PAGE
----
EDUCATION OF THE CHRISTIAN GENTLEMAN.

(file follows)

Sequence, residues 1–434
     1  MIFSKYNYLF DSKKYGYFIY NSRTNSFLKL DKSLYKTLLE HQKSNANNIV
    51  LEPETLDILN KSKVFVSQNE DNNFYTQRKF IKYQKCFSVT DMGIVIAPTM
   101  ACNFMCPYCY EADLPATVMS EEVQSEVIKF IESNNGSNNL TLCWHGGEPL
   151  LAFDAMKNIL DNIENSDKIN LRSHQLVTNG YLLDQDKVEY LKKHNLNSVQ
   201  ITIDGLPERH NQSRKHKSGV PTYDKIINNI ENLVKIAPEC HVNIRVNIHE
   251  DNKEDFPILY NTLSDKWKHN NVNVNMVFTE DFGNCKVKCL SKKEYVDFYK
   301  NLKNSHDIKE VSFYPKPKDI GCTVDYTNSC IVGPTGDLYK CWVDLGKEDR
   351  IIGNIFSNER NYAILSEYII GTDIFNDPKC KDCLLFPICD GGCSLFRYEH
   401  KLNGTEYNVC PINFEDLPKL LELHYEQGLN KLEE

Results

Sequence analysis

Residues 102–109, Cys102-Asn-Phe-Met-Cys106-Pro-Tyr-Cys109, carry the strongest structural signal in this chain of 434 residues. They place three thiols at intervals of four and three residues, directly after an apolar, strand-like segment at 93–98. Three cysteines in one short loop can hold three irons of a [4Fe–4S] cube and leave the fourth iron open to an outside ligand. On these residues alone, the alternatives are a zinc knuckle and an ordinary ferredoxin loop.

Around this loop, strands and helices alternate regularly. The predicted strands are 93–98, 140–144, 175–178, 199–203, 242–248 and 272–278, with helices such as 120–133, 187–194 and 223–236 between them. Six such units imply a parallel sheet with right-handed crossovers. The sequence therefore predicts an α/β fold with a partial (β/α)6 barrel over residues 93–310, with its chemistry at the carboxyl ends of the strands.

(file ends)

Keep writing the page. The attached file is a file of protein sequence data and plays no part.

THERE is a strange want of adaptation in our scholastic institutions to the production of a character at all answering to the Christian model: none of our methods lead up to it. To keep the proper destiny of man in the view of a child; to present life as a whole to his contemplation, and as a gift bestowed for a certain end; to inculcate a principle of steady direction; to fill the soul with a consciousness of the claims upon it, and of its essential relations and affinities; to set in their right order the first impelling powers; to institute a determinate progression; to place before each his personal vocation, and to open in clear perspective the lines of specific duty comprehended in the great practical plan of God's moral government, are things unthought of in our schools of highest reputation for the formation of gentlemen. If Christianity be true, and if it do really involve all that is most worthy of attainment, the education of the country is rotten at the core. It has no prospective or final connexion with the Christian scheme of commutative forbearance and love, nor is any one